Cryoplasty for the Treatment of Coronary Bifurcation Stenoses Following Main Vessel Stenting


Address for reprints: Alan Schob, Cardiac Cath Laboratory, Miami VA Medical Center, 1201 NW 16th Street, 111A, Miami, FL 33125. Fax: (305)-324-3116; e-mail:,



This retrospective study sought to assess the safety and clinical efficacy of cryoplasty for treatment of side-branch stenoses following main vessel stenting in coronary bifurcation lesions.


Cryoplasty prevents restenosis by reducing smooth muscle proliferation and extracellular matrix synthesis. Clinical effectiveness has been demonstrated in the peripheral circulation. Treatment of coronary bifurcation lesions remains a challenge. We used a novel strategy of main vessel stenting combined with side-branch cryoplasty to treat high-grade stenoses following main vessel stenting.


Eighteen patients with bifurcation lesions had significant plaque shift into a side branch after main vessel intervention. Drug-eluting stents were placed in the main vessel and cryoplasty was performed on the side-branch vessel. Quantitative coronary analysis was performed on all side-branch vessels both pre– and post–main vessel stenting. All patients had clinical follow-up 3 months or more after cryoplasty including either nuclear stress testing or diagnostic coronary angiogram.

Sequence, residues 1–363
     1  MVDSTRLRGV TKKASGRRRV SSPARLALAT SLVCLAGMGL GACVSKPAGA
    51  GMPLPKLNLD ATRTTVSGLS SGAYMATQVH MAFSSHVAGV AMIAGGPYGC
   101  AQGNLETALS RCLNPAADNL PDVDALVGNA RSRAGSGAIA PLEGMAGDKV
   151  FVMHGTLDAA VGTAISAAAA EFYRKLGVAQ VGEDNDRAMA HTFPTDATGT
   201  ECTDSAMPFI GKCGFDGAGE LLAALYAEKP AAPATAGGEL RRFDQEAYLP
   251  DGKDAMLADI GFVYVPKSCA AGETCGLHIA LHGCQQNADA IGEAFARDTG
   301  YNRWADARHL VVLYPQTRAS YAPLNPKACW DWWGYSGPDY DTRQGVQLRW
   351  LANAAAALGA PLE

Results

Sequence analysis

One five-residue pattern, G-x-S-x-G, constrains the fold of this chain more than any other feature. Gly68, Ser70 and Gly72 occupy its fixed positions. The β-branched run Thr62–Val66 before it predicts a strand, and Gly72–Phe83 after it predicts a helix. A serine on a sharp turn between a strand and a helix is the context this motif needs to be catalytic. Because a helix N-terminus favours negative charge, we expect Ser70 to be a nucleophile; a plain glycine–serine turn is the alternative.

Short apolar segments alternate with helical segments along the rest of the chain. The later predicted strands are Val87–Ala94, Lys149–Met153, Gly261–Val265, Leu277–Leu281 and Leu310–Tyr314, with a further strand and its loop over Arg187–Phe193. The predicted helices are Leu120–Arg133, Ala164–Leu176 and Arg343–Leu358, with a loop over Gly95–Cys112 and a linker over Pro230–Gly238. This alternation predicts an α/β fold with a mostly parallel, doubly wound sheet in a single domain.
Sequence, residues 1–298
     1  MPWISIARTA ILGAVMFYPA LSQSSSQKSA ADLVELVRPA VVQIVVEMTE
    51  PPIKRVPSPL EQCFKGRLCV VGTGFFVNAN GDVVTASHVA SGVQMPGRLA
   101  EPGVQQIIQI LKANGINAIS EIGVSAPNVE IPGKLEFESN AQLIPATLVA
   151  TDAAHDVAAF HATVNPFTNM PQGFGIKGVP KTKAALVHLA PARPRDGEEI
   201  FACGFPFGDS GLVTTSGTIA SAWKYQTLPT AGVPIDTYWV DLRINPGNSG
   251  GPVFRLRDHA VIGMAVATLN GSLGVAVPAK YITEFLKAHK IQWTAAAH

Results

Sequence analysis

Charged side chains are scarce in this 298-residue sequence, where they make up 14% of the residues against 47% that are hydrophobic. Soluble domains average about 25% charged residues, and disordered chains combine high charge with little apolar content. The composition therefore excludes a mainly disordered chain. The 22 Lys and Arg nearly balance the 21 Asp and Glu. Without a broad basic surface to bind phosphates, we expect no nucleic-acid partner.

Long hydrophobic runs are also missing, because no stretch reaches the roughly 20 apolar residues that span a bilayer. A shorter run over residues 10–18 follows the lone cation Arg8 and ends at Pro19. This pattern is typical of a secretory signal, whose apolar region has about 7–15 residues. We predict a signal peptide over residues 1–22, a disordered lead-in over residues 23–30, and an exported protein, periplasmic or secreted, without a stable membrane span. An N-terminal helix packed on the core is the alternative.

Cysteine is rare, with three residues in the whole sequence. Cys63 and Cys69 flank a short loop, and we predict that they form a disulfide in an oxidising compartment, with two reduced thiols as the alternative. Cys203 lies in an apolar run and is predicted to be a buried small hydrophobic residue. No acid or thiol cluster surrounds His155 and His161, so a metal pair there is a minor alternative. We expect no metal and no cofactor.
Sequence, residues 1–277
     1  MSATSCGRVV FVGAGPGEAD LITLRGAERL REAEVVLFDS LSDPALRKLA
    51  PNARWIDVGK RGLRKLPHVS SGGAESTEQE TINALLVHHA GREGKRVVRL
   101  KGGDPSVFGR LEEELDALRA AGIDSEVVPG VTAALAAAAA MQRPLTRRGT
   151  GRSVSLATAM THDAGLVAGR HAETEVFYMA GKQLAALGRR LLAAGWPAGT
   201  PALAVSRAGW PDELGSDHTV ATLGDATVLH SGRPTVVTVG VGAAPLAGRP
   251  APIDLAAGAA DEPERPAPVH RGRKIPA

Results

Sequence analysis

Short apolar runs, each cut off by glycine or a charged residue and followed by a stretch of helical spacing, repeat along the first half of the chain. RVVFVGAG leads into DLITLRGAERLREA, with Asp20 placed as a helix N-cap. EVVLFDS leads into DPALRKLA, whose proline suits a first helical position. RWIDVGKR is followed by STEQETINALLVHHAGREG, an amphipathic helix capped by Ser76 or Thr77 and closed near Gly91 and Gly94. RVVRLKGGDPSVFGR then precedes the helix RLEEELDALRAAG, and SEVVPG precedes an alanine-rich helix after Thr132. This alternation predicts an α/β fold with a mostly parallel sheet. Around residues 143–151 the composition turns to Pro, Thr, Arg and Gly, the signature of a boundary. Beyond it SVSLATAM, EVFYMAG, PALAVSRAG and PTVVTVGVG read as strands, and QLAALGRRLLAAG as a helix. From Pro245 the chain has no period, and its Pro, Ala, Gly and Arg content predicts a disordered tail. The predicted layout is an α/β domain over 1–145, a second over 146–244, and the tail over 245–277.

Mean percent stenosis decreased from 80.6% post main vessel stenting to 24.8% following cryoplasty (P < 0.0001). Of the 17 patients who had pre-cryoplasty nuclear stress testing 1 patient had ischemia identified in the distribution of the treated vessel at follow-up. Five patients had follow up angiography. One patient had restenosis, the other 2 were unchanged. There was a low incidence of MACE.


In this first report of its use in the coronary circulation, cryoplasty for bifurcation side-branch disease was safe and associated with a low rate of clinical recurrence in carefully selected patients. (J Interven Cardiol 2013;26:239–244)